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NB: as of 23 September 2008, all new artSMart articles are being published on the site news.artsmart.co.za.

1949 (article first published : 2002-05-3; last edited : 2008-09-7)

Running in the Playhouse Drama is Ronnie Govender’s play 1949 featuring Jailoshini Naidoo. This is the fourth time I have seen this impressive series of short stories – I saw it in Grahamstown in 1996 when it was first performed with Charles Pillai and later in Durban when he repeated his role after the National Arts Festival and then again with Leeandra Reddy.

The production is made up of four stories and set in the study of an academic who is doing research for her BA Hons Degree. The process of sifting through old papers, books, photographs and reports generates memories about the old days in Cato Manor.

What makes Cato Manor such an important area in the history of Durban … and South Africa as a whole?

Ronnie Govender’s programme notes explain: “Cato Manor was the first and largest district to be hit by the Group Areas Act, the natural forerunner of the law that pegged Cato Manor boundaries and prevented Indians from encroaching on to the Berea. 180,000 Cato Manor residents, most of whom, unlike residents of District Six and Sophiatown, owned their own homes and properties were kicked out in 1958 to make way for white settlement.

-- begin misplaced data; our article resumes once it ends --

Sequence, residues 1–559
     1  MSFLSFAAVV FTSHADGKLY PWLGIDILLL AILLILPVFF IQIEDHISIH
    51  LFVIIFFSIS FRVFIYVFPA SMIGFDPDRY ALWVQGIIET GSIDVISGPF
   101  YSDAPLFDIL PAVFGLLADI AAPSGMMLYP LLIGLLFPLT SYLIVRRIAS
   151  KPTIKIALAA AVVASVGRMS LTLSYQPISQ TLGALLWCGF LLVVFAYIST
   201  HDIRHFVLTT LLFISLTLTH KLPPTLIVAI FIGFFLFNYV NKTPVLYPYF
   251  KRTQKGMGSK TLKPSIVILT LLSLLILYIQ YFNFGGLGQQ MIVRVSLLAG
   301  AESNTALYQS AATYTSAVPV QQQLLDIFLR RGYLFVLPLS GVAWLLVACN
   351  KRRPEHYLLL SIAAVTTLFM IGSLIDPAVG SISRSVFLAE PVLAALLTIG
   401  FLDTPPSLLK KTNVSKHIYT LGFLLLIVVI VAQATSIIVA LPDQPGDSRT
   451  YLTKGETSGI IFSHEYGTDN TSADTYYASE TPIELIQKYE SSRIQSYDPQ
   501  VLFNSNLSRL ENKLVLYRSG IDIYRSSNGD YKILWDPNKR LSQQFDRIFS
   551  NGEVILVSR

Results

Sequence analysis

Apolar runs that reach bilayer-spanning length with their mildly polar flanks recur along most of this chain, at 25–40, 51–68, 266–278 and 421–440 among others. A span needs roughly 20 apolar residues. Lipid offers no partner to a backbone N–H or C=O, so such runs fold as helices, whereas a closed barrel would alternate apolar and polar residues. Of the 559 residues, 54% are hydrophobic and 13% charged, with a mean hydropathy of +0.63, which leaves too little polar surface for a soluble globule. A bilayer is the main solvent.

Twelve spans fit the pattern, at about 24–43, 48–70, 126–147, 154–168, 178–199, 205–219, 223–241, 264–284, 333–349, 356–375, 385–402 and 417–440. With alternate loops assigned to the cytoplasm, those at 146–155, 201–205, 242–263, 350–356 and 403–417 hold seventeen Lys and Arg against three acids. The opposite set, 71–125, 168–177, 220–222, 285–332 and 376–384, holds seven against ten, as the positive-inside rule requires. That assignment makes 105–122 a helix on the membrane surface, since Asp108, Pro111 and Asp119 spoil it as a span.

“Only a few were landlords. The majority were poor, working class Indians, who lived in harmony with the African dispossessed who had settled largely on Indian owned land in order to be close to their work-places over the ridge in industrial Durban.”

From this area came such household names as Billy Peter, Soobiah and RD Naidu, Jeff Hadebe, Jacob Zuma, George Sewpersadh and Rabbi Bughwandeen as well as respected television and stage actor Alfred Nokwe.

Ronnie Govender has rightfully won a coveted Commonwealth Writer's Award and a medal from the English Academy of SA for the excellence of his writing. He draws his characters and situations with a clear insight injecting into them much humour and vitality. In portraying at least 20 characters, Jailoshini Naidoo does justice to this revival of Ronnie’s acclaimed work. She moves comfortably with accurate vocal characteristics and changing body language from one role to another, taking on various parts such as a small boy, doddering ancient, sycophantic newsreader, drunken chauvinist, coy adulteress or a patronising socialite.

I was a little disappointed to see the use of a microphone in a venue which has superb acoustics – the Playhouse Drama was designed as a theatre, after all – and Jailoshini does have a tendency to become a little ponderous and repeats a clutching hand movement which can become irritating. But these niggles aside, this is a play that should be seen by one and all for its dramatic as well as its historical content.

Supported by The Umkhumbane Institute Trust, 1949 is based on the book At the Edge and other Cato Manor Stories. A prescribed setwork for KZN matriculants for 2002, it runs until May 19. Book at Computicket or The Playhouse Box office on 031 369-9444 – Caroline Smart




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